Reader Question: Is it possible to write my own will in France, or do I need a notaire? Can I write it in English or does it need to be in French?
There are a number of conditions a will must fulfil in France to be valid, ranging from how it is written to the health of the person authoring it.
Of course, wills can be drawn up with the assistance of a notaire, but it is possible to write your own, known as a testament olographe.
The general rules for making sure a will of this type is valid are derived from Article 970 of the French civil code.
They state that a will of this type “is not valid unless it is written in full, dated and signed by the testator.”
Rules for the document
By ‘written in full’, this means the document must be completely written by hand, including the contents of the will, the date (day, month, and year), and the signature.
Typewriters, computers, tablets, and phones, cannot be used. If you have difficulty writing, a third party can hand-write the contents of the will, however you must still sign and date it yourself.
If you cannot do this then having a will drawn up by a notaire is the best option for you.
In addition, the will must be dated correctly. French judges have been known to accept wills without a date when other pieces of proof (a photo, witnesses, etc) can prove when the document was written, however this is not guaranteed.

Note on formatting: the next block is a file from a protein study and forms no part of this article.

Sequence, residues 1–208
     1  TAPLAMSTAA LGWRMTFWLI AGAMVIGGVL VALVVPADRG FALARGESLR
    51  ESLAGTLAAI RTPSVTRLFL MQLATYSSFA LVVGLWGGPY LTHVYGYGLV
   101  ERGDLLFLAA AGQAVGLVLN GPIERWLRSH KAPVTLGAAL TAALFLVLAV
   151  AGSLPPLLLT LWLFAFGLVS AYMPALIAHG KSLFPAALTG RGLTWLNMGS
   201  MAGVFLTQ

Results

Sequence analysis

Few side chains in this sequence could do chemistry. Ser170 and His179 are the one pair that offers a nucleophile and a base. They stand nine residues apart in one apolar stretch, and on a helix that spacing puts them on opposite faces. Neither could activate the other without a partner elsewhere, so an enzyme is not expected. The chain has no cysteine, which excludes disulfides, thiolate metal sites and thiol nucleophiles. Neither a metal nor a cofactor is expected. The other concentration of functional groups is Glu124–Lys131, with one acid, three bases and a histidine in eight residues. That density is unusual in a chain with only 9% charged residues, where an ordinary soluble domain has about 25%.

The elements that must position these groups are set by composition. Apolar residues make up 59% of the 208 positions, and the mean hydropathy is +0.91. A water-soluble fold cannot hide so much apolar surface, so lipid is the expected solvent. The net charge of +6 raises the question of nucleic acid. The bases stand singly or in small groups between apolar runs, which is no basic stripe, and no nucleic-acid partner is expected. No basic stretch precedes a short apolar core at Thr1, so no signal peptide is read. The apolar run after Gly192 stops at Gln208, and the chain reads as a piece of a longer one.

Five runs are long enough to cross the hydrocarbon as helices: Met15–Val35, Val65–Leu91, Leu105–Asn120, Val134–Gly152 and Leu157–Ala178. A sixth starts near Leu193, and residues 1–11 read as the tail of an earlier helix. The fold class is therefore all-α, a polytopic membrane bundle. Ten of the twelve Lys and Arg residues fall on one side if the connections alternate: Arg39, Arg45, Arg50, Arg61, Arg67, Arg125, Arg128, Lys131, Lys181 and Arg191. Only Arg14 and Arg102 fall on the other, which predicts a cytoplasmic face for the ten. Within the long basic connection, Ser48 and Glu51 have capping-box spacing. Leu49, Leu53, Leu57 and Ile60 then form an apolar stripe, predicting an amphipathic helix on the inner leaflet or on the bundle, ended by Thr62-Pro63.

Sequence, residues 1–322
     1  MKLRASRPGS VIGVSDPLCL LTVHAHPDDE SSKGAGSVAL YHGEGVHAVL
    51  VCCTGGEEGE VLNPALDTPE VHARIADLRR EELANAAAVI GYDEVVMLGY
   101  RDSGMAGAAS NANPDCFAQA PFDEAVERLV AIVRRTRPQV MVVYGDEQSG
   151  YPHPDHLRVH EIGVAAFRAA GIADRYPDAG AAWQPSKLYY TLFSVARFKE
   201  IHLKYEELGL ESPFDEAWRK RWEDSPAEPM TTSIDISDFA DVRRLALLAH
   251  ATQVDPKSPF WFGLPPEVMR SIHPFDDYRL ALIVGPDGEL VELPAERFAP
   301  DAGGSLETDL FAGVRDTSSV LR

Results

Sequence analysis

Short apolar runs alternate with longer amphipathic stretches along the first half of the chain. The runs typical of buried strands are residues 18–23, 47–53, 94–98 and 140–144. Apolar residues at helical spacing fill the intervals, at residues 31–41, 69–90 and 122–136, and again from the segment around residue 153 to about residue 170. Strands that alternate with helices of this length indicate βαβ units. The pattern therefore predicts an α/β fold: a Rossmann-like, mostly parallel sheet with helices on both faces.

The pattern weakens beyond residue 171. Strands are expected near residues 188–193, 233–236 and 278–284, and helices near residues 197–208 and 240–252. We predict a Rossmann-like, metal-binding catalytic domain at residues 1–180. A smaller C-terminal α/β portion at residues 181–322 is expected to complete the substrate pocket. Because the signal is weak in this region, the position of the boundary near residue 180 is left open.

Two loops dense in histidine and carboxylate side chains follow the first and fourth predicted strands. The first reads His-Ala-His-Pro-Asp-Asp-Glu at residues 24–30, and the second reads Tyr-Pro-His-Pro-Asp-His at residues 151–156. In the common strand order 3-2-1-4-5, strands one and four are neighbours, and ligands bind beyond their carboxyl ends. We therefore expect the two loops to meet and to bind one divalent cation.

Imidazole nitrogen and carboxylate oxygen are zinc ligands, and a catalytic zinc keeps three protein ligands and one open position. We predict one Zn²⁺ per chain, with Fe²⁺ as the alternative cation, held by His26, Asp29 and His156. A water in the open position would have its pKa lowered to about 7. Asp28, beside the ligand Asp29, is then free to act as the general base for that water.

It is possible to write the document in a foreign language (such as English), and it will still be valid if all of the other points are followed correctly.
However the notaire dealing with your estate will have to obtain an official sworn translation of it after you die, if they are not English-speaking.
As it is most likely to be a French notaire who would be dealing with your estate you may wish to write it in French if possible.
Note that the will must also make its nature clear, for example, in French you may begin it with: Ceci est mon testament (this is my will).
Anyone designated in it must also be very clearly identified, for example, ‘I leave my house to my brother Robert Jones, of 3 High Street, Barnsley’, as opposed to ‘I leave my house to Bob’.
A will should be stored in a safe place where it can be found upon your death (or where someone close to you knows where to find it).
It does not need to be kept with a notaire (who will register it), although this is an option if you believe this is safer.
The author of the will must be in sound mind
The writer of the document must be of ‘sound mind’ (sain d'esprit), as the rules stated in Article 901 of the Civil Code regarding giving gifts also apply to handwritten wills.
They must also have capacité juridique, meaning control over their own affairs; those over the age of 18 generally have this power by default.
Wills can become complex in certain cases so if you are unsure on any matters you should consult a notaire.
Also, where you have property in more than one country, some lawyers suggest having a separate will relating to each.